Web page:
Get ready for the power conferences and everyone else. And don't say we didn't warn you, because we've reported on this issue multiple times.
The NCAA's Division 1 Board of Directors has endorsed a restructuring process that will change the way College Football...and a few other sports are structured.
The "change" will essentially move the 5 "Power Conferences" to their own grouping and put the smaller Division 1 schools in their own category. So what you'll have is the ACC, Big 10, Big 12, Pac 12 and SEC on their own, everyone else fighting for sloppy seconds.
The proposal would take the 65 schools that comprise those conferences and allow them to provide stipends to players, pay for family travel and a few other things not currently permitted under NCAA rules. And to be perfectly frank, those schools/conferences can afford it. The TV money alone they get, will take care of the cost with plenty left over.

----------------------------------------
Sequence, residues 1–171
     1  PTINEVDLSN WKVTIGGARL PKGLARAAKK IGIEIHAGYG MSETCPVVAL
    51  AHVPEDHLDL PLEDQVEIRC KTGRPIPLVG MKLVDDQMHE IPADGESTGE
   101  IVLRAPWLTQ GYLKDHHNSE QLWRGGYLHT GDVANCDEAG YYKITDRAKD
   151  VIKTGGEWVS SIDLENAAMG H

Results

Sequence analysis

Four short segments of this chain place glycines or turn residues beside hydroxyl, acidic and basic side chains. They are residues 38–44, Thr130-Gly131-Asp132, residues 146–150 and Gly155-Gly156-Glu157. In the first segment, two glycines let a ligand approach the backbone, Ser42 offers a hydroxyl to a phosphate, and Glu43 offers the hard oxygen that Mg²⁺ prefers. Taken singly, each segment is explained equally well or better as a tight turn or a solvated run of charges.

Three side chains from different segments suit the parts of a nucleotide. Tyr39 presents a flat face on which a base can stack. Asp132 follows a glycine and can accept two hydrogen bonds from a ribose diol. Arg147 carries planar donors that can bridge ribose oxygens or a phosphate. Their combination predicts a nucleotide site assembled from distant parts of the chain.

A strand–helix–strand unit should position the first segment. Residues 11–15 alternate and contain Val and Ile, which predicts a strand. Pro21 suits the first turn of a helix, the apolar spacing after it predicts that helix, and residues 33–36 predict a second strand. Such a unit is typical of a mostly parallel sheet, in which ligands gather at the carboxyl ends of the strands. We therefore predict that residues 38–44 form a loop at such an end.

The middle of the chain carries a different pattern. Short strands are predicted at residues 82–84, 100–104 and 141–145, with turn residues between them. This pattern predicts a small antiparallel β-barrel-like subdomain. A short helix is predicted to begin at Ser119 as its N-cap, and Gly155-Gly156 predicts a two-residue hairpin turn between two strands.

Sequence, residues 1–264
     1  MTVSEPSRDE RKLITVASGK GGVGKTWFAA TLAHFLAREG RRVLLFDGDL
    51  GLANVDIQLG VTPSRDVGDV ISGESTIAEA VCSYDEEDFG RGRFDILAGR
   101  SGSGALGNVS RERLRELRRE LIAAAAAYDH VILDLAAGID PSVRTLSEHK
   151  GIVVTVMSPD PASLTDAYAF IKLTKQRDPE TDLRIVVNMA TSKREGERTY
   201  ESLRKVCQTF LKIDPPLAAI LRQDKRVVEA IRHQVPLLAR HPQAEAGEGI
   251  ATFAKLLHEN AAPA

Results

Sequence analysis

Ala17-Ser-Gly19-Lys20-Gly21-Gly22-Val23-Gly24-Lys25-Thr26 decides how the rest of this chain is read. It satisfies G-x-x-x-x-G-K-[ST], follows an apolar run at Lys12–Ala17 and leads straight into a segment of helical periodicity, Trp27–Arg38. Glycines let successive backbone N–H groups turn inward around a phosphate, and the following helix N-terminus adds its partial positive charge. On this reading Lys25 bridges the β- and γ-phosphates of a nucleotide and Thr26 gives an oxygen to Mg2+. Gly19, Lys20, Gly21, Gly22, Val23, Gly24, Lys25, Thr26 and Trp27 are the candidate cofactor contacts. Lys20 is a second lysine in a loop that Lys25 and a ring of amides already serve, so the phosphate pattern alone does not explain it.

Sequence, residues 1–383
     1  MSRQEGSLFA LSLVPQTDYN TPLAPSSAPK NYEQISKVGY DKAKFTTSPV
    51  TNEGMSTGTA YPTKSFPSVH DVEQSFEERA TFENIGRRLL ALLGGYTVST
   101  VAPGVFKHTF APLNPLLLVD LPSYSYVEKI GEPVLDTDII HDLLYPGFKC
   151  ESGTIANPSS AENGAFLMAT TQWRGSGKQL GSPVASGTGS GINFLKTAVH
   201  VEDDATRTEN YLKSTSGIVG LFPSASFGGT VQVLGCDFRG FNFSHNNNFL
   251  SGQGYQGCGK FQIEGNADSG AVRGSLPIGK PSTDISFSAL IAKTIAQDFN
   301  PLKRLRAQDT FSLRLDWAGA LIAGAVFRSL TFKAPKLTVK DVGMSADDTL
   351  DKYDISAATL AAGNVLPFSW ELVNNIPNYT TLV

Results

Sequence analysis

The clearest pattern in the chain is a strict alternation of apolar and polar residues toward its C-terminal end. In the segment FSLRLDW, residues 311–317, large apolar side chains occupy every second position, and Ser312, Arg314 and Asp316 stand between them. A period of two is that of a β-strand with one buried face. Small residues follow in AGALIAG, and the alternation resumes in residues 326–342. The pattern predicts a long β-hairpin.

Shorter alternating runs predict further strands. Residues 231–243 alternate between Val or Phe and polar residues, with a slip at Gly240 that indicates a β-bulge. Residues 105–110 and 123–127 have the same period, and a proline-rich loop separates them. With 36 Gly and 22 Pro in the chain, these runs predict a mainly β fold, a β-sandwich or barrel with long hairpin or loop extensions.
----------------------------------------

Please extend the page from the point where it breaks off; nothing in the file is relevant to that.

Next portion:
The other 60 or so schools left would be in their still undetermined sub-category, a step above the current FCS (1-AA), we think, but a step below the power schools.
And no, we don't know what this will mean for the allegedly all-inclusive "College Football Playoff".
Read more from CBSSports.com RIGHT HERE
It's unfortunate, but an inevitable change in structure that if the report is correct, could be approved by August and probably implemented as early as 2015. And while we hate the idea of the "Rich Getting Richer and the Poor Left on Their Own", it had to happen.
If it forces the SEC teams to stop scheduling the Georgia State's or the Wofford's of the world, then it will help. Realistically, does anyone think a Sun Belt or Conference USA or MAC team could win a National Title in Football.
No, neither do we, which is why unfortunately this change will have to happen.
So stay tuned, we're guessing this would allow the Kings of College Football (no, not Chuck Oliver), to re-do their TV deal with ESPN and make a boat load more money.
It also means that unless you've got some regional cable networks where you live, chances are unless you are a fan or graduate of a "Power Conference" school, you'll never see your team on TV ever again.